While traffic is always a little stressful, many of us have so many other things on our minds during this difficult time. But, when we are focused on so many other things other than driving, we can become inattentive. Inattentiveness is the most common cause of car crashes. If you are injured or worse, then all other matters seem far less important.
Pedestrian Fatalities Increase Around Disabled Vehicles
A higher number of pedestrian fatalities have occurred due to vehicle being disabled roadside and occupants being struck by other vehicles in traffic. These incidents are horrifying and tragic.
No one expects their car to breakdown. If you think your car may not be highway-worthy, it is really best not to risk it. Never pull over to the shoulder of a highway or interstate unless an officer signals you to do so or your vehicle stalls (Even then, an officer will usually be happy to follow you to an exit if you ask). As of mid-December there have been 103 pedestrians struck and killed by vehicles across the state of Missouri.
SLOW DOWN, AND BUCKLE UP
Missouri Highway Patrol Capt John Hotz says that anyone whose car breaks down should try to get their vehicle as far off the roadway as possible. If the vehicle cannot be moved, “We recommend that people stay inside their vehicle with their seat belt on. Oftentimes when people experience problems along the roadway, they lose sight of the fact that they are in or very close to a busy highway” said Hotz. If you have ever been on the roadside for any reason, it becomes very apparent that many passing vehicles simply do not see you. Clearly, if your hazard lights are on, they “should” see your vehicle. While other drivers “should” see you, the fact remains that they often do not or do not pay attention. The shoulder of any highway or interstate is the most dangerous place that you can be on the roadway. Call authorities immediately so that they may assist in traffic while you wait on roadside service. Officers would much rather aid in traffic safety than assist in a fatal crash.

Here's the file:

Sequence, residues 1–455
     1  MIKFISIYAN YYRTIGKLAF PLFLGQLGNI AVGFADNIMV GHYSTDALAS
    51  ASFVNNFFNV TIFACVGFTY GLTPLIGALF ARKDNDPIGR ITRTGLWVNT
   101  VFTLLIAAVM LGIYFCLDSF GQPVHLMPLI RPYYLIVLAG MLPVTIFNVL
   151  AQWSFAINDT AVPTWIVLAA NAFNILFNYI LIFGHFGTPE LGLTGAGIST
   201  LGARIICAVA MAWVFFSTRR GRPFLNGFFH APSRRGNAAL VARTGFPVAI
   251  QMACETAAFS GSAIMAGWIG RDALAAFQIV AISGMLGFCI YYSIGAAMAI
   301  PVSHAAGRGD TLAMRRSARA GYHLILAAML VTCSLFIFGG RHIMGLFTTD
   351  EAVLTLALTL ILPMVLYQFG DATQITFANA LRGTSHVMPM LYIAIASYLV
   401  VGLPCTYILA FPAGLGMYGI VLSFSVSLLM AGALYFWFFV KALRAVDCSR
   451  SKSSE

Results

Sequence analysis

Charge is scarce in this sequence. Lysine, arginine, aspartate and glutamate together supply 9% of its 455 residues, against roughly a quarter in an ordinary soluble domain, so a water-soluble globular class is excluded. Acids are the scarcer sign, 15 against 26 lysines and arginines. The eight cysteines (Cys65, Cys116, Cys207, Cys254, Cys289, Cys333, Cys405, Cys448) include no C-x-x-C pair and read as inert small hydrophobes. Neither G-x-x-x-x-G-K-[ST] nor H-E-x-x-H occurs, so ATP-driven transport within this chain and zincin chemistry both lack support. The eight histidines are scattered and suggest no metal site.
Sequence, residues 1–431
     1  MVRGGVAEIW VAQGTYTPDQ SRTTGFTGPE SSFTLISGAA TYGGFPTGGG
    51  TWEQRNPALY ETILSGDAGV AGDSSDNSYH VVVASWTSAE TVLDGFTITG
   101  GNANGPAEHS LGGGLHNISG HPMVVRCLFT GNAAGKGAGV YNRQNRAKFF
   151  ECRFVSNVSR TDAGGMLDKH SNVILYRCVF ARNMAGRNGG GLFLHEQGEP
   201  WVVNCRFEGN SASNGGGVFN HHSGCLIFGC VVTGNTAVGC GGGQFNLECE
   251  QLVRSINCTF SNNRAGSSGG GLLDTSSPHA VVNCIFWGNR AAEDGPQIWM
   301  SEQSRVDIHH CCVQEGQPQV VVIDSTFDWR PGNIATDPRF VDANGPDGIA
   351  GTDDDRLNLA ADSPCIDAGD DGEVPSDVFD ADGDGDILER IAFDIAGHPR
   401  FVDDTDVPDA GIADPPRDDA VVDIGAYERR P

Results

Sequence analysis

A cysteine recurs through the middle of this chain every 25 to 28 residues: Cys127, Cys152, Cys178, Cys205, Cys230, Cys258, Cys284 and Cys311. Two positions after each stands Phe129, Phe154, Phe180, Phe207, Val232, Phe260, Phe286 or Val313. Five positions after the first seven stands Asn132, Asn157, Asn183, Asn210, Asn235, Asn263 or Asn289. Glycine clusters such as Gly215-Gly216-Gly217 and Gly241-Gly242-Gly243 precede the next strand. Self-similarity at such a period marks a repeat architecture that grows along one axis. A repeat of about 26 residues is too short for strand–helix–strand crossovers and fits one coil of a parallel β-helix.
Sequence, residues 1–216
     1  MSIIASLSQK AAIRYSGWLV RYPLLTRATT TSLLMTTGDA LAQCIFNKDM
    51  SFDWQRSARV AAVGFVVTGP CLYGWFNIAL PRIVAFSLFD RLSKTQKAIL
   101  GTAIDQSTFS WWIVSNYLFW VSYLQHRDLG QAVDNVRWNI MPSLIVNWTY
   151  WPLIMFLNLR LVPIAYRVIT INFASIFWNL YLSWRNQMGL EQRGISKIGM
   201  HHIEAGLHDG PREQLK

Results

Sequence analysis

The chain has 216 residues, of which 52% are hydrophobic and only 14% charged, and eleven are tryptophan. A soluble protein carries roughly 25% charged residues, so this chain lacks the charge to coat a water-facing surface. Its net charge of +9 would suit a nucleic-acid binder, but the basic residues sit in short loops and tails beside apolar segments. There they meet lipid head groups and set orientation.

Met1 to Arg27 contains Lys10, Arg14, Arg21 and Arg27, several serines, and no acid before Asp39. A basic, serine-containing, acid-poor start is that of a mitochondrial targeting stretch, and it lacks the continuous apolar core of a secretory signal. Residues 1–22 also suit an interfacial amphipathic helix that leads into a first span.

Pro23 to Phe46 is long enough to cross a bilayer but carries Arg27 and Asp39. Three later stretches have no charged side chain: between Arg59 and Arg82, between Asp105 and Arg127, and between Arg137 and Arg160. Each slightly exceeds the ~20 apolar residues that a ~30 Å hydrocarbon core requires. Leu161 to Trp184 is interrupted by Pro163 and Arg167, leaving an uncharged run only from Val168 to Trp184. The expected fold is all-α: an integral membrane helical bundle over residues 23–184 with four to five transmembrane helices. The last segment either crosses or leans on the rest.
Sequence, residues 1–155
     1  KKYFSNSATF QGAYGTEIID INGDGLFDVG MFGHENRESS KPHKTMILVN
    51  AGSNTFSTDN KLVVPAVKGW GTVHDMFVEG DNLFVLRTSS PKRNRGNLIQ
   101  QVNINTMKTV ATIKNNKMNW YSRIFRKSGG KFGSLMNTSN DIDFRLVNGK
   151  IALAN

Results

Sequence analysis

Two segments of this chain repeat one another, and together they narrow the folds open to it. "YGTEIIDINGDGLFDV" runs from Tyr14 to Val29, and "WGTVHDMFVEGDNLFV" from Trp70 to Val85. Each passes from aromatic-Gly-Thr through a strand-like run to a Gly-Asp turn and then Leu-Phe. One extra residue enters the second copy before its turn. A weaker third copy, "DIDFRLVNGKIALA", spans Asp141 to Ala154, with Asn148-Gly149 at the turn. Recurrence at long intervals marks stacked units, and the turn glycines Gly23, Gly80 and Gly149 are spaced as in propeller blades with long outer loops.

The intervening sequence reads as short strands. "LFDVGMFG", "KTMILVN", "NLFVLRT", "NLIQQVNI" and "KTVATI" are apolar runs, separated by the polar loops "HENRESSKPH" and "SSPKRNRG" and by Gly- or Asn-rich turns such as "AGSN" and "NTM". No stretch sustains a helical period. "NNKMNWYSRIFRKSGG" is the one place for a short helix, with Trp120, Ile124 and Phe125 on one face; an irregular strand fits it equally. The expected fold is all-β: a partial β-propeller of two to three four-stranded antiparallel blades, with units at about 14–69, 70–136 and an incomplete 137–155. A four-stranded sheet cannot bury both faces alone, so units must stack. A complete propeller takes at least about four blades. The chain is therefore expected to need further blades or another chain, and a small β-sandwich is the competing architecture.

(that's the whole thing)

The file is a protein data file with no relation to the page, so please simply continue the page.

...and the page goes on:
We have discussed how dangerous it is to have a disabled car on the shoulder and the number of road assist workers killed in the line of duty. As I have seen far too many of these type of tragic collisions, I simply will not pull the car over on the roadway for any reason including vomiting kids, spilled drinks and just about any other thing that initially makes you think you should pull over. Literally, there has to be a life-threatening event happening in the vehicle or the vehicle simply will not travel any further in order for you to “pull over”. My complete aversion to pulling over for any reason was a stark contrasts to how my parents did things. However, my parents mostly drove on dirt roads when I was a kid, and we did not travel at the current speeds and among interstate traffic. While we know the shoulder of any highway or interstate can be dangerous, I have talked with more than a few people who had something similar happen on a gravel road as well.
You absolutely cannot count on other drivers paying attention. If you are injured by someone that doesn’t see you or because they failed to pay attention, we can assist you in getting the much needed compensation. However, we would really like to help PREVENT these horrible traffic incidents!